The Hidden Gem - Part 1



Her hair tied in an untidy bun, her pink suit full of little green patterns, her white chunni hanging on one shoulder and her almost-empty purse on the other, she set off from the fields to her little hut, which she called home.

Her name was Lakshmi. She adored reading and she loved to learn more than anything else! She had almost equal opportunities to study compared to you. But, as it happens in all stories and in real life, there was a very big issue. 

Her family was quite poor and no one in her household encouraged her to study, even though there was a free government school and a public library in the village. She learnt how to read from her friend, Ram, who went to school and would teach her reading, writing and many more things. He would tell the little girl all about school and her eyes would light up with joy & fascination. Every day, she would first go to the fields to work and then do the household chores. Once, when she asked about going to school, her father scolded her and said, “A school is no place for a girl. What will you get from learning all that when you must clean the floor and dust the shelves all your life?”

“A-and what about books?”

“Books? BOOKS? We don’t have money for good clothes, and you want to waste it on books?”

“But p-”

“I don’t want to hear it. Be quiet and go to sleep.” he shouted.

“But the li-”

Her father, in a rage, slapped her.

Suddenly, the seven people in the house – Lakshmi, her brother, her sisters, their father, mother, and the milkman who was at the door - were quiet, until she started crying softly.

“Not a word from you now!”

Her mother just said, “Listen to your father and take care of your brothers and sisters.”

She was a jolly, adventurous girl of eleven, eager to learn, and loved chatting to her friends and siblings. 

The next day, she went to meet Ram, at the big guava tree near her house. They would climb the thick, brown, branches, eat a guava or two and chatter away! That day, Ram told her about his favourite subject of all, mathematics. In about two hours, she learnt the number system and how to add small numbers. Every day, she went to the other road and called out to Ram, who got off from a tree and taught her. 

Lakshmi’s mother, Gita, was fond of her and loved her the most out of four children. That day, she went to the big town nearby, and worked in people’s homes. She earned some money and clutched the notes given to her by an elderly woman tightly, as if the wind would take them away. She paced to the bookshop, her anklets clinkering and her hair swaying in the warm air. The owner was about to close the shutter when she told him she would not take much time. Gita took a copy of the Ramayana and raced home. She expected her husband to ask her whereabouts, so she ran at top speed until, at last, she reached her house.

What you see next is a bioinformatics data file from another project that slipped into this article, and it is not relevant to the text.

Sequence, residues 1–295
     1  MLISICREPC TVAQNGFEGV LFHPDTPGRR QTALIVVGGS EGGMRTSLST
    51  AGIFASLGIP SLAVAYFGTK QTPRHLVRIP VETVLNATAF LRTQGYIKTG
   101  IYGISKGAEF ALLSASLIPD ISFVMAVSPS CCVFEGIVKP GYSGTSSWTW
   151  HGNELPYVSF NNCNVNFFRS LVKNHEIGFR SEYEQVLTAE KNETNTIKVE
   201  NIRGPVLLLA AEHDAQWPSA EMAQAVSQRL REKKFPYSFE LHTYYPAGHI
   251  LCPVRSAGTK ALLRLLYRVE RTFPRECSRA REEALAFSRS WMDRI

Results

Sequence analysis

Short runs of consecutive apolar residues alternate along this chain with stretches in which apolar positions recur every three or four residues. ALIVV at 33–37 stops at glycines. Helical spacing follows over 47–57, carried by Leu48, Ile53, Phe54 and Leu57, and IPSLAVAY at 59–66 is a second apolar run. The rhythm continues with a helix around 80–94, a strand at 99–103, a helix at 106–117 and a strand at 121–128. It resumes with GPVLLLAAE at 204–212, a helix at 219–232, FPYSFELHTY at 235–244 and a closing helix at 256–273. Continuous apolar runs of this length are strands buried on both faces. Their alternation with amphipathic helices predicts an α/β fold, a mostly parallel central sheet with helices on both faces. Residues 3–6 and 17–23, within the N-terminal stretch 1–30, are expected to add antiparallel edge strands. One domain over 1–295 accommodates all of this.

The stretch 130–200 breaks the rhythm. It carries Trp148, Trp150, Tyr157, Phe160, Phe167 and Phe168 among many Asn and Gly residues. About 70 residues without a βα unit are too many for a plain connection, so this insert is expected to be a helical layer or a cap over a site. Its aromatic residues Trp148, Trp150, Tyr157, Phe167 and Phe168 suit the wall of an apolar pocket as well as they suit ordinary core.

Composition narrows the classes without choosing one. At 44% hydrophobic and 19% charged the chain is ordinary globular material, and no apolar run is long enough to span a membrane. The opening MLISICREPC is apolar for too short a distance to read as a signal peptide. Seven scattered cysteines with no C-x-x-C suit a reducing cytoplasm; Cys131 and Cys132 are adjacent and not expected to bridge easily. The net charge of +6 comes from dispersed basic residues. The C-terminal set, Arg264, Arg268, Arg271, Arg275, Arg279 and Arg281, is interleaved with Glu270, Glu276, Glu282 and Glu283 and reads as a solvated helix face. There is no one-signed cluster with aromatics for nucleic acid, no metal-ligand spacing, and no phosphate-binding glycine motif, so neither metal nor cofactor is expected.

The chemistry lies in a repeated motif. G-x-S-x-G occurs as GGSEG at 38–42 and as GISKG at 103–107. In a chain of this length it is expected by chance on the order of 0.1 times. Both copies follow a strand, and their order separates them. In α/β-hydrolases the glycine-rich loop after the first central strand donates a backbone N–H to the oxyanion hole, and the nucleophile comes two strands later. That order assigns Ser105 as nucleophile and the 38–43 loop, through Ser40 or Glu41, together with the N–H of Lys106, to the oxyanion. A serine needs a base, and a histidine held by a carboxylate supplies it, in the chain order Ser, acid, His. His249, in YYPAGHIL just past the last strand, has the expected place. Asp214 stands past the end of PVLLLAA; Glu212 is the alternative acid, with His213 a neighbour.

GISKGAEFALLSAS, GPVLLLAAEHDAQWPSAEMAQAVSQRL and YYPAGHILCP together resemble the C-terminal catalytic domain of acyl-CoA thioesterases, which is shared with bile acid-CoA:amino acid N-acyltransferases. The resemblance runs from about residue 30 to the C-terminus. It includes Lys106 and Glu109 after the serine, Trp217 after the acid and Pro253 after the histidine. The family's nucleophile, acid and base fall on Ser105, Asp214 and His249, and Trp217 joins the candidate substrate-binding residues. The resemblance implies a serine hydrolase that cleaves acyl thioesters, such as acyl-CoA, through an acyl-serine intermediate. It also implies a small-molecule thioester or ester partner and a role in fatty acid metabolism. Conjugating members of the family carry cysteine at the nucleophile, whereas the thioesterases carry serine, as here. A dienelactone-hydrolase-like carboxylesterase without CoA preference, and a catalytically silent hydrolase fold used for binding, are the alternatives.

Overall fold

Indeed, the one whom she presumed was waiting at the door. 



Where have you been, Gita? You did not even cook dinner. And why are you sweaty? Were you running away?” interrogated Lakshmi’s father.

“I-I went to get vegetables but the sabjiwala was not there.”

“What’s in your bag then?” he questioned, looking inside the bag. “Oho! Books, is it?”

“Yes, books.” she answered, closing the bag “Religious books for the- the mandir. We have a puja on S-Sunday. Yes, uh, Sunday. Be there.”

And so, the conversation ended. Looking at her suspiciously, he went to the barber’s to get a haircut. Gita went to Lakshmi and whispered, “Apke liye. (For you)” The girl’s face lit up as she hugged her mother joyfully and giggled softly.

She hid the book in her bag, so her father could not see it. She quietly opened the bag so that her brother and sisters, who were taking a nap, would not wake up. Opening the zip, she secured the book inside and closed it. Her big brother, Shiv, and one of her sisters woke up after that and asked, “What was that?”

“A wonderful book, bhaiya. We can read it together tomorrow.” As she sat down on the floor, she thought about the new book and how exciting it would be. She was grateful to her mom, and thanked God for giving her such a wonderful mother.

The next day, she again sat with Ram and her sister to revise. 

“If I have six mangoes, and you take two, what would I get?” asked Ram.

“A scolding for eating so many mangoes.” Lakshmi joked. “Four”

“Okay, fine. If I have seven rupees and I give you five, how much money is left with me?”

“Two rupees.”

Soon, she answered many questions and Ram went back home while Lakshmi and her sister went to the fields. 
(to be continued...)


For part 2 click here

I also seek your guidance on how to improve my writing skills. You may share your suggestions and comments below.

More By  :  Aanvi Bamba

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Comments on this Blog

Comment This story is soo interesting and well written Aanvi can’t wait to read the next part !
Waiting ..

Bhawna Dawer
07-Jul-2024 02:23 AM

Comment Part 2 jaldi pls ..

Sandeep Dawer
06-Jul-2024 15:14 PM

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